|The signs of literals firstname.lastname@example.org (Hung-Ta Lin) (1997-12-07)|
|Re: The signs of literals email@example.com (David L Moore) (1997-12-10)|
|Re: The signs of literals firstname.lastname@example.org (Chris Clark USG) (1997-12-10)|
|Re: The signs of literals email@example.com (1997-12-12)|
|Re: The signs of literals tim@wagner.Princeton.EDU (1997-12-12)|
|Re: The signs of literals firstname.lastname@example.org (Matt Timmermans) (1997-12-12)|
|Re: The signs of literals email@example.com (David L Moore) (1997-12-13)|
|From:||tim@wagner.Princeton.EDU (Tim Hollebeek)|
|Date:||12 Dec 1997 14:51:25 -0500|
|Organization:||Chemistry Department, Princeton University|
Hung-Ta Lin wrote:
> > Hi, I am working on a grammar that explicitly treats sign as part of a
> > integer literal:
> > The grammar is ambiguous because [minus could be part of the literal or a
> > part of a unary minus expression]:
David L Moore <firstname.lastname@example.org> writes:
> Two quick points.
The canonical example of lexer ambiguity, I think, is the C construct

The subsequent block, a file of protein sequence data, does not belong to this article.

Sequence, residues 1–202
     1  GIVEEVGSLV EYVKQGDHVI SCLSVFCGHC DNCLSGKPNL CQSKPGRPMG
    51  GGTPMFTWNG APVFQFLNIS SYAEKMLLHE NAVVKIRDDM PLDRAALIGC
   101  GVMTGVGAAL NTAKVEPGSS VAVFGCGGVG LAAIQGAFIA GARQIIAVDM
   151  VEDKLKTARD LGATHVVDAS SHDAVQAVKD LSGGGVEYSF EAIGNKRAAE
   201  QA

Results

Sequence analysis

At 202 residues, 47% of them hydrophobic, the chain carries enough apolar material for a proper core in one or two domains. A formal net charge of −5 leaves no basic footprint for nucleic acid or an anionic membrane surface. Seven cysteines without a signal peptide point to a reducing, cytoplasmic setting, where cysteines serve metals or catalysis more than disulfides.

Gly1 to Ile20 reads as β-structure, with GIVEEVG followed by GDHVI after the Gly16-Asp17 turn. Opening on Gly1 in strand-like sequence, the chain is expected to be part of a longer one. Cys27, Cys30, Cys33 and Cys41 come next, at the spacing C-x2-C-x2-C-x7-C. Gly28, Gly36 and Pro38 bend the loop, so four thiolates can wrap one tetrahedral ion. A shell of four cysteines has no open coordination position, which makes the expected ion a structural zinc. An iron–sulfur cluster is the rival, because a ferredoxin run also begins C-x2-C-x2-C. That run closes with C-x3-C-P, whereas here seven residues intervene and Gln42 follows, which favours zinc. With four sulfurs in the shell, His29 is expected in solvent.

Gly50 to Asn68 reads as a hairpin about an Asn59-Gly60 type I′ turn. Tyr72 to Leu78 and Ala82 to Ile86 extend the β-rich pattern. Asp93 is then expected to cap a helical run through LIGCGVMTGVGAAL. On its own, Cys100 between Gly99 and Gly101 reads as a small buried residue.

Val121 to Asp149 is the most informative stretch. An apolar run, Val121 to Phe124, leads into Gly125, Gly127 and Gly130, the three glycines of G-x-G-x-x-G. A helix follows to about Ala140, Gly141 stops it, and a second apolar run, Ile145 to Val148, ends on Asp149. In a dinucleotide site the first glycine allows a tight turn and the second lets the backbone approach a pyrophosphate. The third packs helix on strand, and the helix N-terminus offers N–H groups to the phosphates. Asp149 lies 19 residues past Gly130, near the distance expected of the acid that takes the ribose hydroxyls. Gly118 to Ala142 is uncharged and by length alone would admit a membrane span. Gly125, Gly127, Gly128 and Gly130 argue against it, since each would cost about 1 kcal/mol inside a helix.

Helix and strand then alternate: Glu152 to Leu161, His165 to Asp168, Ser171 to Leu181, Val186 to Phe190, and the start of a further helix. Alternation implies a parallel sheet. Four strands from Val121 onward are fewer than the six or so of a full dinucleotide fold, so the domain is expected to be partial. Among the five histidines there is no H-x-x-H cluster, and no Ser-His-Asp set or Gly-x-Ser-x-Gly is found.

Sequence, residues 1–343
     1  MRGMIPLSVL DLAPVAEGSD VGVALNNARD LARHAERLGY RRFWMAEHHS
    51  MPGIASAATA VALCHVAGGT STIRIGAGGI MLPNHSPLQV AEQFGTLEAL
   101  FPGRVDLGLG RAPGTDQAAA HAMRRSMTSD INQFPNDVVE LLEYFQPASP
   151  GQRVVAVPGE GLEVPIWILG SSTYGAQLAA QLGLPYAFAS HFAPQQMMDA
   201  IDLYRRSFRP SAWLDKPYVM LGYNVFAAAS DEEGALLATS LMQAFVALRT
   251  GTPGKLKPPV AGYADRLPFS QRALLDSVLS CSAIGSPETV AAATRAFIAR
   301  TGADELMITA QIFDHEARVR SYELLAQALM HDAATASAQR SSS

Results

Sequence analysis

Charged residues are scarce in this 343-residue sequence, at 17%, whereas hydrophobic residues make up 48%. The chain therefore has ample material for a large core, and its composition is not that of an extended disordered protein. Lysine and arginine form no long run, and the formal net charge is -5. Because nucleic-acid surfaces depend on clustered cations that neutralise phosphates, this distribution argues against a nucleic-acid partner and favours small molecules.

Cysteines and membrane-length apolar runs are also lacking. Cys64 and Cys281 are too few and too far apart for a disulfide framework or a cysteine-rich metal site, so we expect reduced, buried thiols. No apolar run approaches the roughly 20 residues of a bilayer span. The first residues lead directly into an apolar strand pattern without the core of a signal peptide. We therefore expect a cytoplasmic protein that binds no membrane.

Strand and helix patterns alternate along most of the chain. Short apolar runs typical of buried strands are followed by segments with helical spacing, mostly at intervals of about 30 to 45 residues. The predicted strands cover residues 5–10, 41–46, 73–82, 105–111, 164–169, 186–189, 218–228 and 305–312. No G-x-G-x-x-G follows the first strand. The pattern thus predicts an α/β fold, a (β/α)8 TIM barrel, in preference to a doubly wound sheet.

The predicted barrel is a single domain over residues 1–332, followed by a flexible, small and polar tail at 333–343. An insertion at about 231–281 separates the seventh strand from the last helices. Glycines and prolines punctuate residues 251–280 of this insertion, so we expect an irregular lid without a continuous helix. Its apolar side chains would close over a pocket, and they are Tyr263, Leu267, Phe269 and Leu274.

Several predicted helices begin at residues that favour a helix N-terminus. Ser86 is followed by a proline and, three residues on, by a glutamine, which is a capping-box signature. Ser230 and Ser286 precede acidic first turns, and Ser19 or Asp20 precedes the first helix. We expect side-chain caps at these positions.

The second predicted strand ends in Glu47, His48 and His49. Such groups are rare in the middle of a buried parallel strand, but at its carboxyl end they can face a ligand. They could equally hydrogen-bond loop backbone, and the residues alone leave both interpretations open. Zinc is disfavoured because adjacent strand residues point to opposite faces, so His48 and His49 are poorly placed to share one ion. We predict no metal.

'i+++++j' which tokenizes as 'i++ ++ + j' (which the grammar rejects)
and not as 'i++ + ++j' which the grammar would accept. In general,
languages have arbitrary rules about tokenization, and longest match
is not uncommon. Sometimes there are really fun ones. I still
maintain a language where '])' can be the right bracket for indexing
followed by a parenthesis, or the close of a '([' construct. Figuring
out which one it is in the lexer would be a real pain, so the lexer
just returns ']' and ')' and lets the grammar figure it out. This has
the unfortunate side effect of allowing whitespace between the two.
That's what happens when you inherit a 6 year old flaw in the language
design, and have to support it.
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